“Ask a Priest: How Can I Know I’m Choosing the Right Career?”

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Q: I’ve been in a bit of a spiritual crisis for over a year. I’m a first year in college and I’m at a loss of what to do with my life. I have interests, but my dilemma is that I don’t know what God wants me to do. My biggest fear is that I’m going to pursue a career God didn’t intend for me. For that reason, I chose a theology major so I could work in the Church. But I also have a passion for the outdoors and have been looking at outdoor/wilderness courses. The only thing holding me back is that I can’t see a way to give that to God. I fear that if I pursue a job I can’t give to God, then I’ll go to hell. Will I go to hell if I don’t have a career related to my faith? How do I know if my passions/dreams are from God or if they’re leading me astray? – Madison

Answered by Fr. Edward McIlmail, LC

A: Discernment about one’s life can be a subtle process. It takes lots of prayer and closeness to the sacraments to help you see where God might be leading you.

It’s good to remember that God isn’t some vengeful judge ready to hurl down thunderbolts if you make a misstep. Rather, he is a loving Father who only wants the best for you, his beloved daughter.

Moreover, God doesn’t try to micromanage our lives. He gives us principles to live by, and he might call some of us to religious life or priesthood. But generally, he gives us leeway about how we will use our gifts for his glory and for the good of others.

Now, it’s not unusual that at this point that you are undecided about your life’s work. Perhaps a few ideas can help.

First, whatever you do, it would be good to dedicate time to prayer every day. It would help to have a regular sacramental life, too; especially helpful is regular confession with a solid priest who can guide you on an ongoing basis. This, in turn, will help ensure that you live in accord with the basic moral norms of the faith.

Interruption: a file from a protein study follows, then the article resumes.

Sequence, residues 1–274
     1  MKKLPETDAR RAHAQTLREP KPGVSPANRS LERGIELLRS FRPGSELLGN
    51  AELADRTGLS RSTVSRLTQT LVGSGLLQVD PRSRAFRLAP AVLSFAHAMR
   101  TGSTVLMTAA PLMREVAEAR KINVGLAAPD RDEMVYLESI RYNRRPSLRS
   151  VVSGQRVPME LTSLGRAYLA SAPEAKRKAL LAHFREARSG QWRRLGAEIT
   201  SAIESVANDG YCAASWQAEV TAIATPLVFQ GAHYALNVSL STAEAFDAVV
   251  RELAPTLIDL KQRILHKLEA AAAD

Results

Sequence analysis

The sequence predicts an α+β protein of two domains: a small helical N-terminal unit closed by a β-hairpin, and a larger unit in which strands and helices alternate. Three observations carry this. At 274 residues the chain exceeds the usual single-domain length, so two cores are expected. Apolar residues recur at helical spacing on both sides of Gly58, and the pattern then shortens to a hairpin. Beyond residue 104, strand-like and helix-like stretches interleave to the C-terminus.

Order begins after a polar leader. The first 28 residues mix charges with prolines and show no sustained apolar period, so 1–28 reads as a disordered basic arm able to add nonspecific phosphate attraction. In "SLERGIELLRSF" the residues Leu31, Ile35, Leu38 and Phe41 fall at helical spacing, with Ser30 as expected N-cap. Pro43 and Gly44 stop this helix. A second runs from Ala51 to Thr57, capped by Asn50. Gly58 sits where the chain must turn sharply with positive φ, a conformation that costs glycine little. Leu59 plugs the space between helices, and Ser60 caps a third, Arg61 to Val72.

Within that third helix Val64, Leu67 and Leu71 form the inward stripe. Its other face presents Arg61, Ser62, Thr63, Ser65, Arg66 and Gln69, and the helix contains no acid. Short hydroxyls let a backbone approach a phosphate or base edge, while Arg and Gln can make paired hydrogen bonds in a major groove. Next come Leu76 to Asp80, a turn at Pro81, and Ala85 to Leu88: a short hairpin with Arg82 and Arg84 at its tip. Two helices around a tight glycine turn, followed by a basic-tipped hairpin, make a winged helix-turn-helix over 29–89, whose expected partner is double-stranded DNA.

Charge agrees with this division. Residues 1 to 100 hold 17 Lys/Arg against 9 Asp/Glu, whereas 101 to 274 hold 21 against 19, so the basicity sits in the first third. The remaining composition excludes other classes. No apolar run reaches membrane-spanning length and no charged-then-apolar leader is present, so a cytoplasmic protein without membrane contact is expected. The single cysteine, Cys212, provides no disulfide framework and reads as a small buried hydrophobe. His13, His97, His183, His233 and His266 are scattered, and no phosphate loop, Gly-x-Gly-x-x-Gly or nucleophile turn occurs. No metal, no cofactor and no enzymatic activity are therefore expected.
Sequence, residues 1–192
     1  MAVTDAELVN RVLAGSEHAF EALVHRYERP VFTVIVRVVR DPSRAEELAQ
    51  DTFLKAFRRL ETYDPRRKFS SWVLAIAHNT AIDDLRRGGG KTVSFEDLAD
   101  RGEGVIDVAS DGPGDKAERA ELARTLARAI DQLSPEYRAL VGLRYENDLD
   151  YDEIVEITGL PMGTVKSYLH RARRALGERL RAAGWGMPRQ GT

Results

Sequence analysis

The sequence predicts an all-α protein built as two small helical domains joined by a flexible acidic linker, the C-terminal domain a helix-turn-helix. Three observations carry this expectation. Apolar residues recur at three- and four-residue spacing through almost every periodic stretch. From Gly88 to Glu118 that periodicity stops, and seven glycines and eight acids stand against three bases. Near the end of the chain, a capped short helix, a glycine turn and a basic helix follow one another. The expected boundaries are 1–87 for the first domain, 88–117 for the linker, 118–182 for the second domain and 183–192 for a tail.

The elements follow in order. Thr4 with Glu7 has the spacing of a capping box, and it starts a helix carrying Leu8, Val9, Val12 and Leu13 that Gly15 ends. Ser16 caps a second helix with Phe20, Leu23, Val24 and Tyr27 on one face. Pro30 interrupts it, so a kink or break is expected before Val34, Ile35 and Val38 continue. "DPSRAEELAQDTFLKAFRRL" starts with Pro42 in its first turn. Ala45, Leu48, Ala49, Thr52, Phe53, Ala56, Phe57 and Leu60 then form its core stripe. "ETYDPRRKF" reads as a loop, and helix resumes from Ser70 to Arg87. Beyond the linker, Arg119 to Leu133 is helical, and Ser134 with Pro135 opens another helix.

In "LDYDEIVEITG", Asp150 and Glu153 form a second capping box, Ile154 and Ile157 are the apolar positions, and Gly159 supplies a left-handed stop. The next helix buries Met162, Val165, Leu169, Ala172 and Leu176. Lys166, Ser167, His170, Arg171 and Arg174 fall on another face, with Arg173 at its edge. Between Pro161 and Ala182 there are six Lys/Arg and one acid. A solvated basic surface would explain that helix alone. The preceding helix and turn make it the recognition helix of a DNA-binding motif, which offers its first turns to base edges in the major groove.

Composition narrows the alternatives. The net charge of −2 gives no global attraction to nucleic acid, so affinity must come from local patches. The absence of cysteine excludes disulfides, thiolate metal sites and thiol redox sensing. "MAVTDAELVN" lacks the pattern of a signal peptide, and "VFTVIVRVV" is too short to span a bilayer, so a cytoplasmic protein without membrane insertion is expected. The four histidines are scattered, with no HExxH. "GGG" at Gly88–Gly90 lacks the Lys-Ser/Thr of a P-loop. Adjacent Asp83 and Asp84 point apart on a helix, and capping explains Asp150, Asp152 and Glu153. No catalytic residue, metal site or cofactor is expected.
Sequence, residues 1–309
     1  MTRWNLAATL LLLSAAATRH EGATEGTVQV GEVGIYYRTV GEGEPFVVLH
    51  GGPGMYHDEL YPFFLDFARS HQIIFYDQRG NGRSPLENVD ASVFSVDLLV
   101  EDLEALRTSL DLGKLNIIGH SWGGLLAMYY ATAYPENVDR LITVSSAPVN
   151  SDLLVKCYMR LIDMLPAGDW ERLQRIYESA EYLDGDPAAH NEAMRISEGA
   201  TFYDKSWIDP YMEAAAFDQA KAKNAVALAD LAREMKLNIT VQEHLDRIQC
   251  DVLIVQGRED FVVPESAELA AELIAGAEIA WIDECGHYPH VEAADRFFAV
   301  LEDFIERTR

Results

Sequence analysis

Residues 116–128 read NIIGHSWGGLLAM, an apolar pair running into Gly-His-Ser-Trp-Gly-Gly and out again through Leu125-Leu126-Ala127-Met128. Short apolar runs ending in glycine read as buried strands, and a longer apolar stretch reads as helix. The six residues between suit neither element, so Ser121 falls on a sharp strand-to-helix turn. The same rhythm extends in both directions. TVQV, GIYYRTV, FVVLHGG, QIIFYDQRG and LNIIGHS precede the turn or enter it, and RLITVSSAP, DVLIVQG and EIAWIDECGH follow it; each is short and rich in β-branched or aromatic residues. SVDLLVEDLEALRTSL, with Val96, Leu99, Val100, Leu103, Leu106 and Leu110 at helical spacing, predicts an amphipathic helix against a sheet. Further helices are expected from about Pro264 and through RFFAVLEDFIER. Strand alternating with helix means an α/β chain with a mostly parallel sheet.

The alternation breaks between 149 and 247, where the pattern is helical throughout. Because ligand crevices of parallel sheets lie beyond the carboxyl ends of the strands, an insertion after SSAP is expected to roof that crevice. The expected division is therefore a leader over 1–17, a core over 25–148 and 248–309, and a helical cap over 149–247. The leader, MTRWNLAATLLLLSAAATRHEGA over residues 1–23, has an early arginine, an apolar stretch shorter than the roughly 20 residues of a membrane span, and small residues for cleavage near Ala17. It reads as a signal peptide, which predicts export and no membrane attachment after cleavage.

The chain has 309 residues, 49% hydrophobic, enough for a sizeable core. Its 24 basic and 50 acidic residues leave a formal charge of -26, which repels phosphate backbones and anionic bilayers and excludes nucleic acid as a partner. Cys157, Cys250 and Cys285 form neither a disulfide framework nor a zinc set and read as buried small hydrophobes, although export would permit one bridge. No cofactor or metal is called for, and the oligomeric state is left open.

Second, try to see how various interests could dovetail with your faith.

The fact that you are interested in theology and attracted to the outdoors doesn’t necessarily pose any contradictions.

Work in forestry or something similar can be a way to guard the environment, of which God has made us stewards. This kind of work would be compatible with the Christian vision of how we are called to master and protect the physical world. “Fill the earth and subdue it. Have dominion over the fish of the sea, the birds of the air, and all the living things that crawl on the earth” (Genesis 1:28).

Third, it would be good not to focus exclusively on a “career” in the sense of a job. God doesn’t call us to a career but rather to a mission of service. And mission can include raising a family.

Fourth, it might be good to consider doing a retreat sometime at a solid Catholic retreat center or religious house. Quiet time with Our Lord helps open the heart to the workings of the Holy Spirit.

And try to develop a network of good Catholic friends. Living the faith is easier when we do it with the support of a community.

If these basic ideas are in play, you will give the Holy Spirit a firm basis on which to work. With time, you will likely see where the Lord is leading you.

An added suggestion: the FOCUS site offers lots of ideas about how to live your faith well on campus. Count on my prayers.

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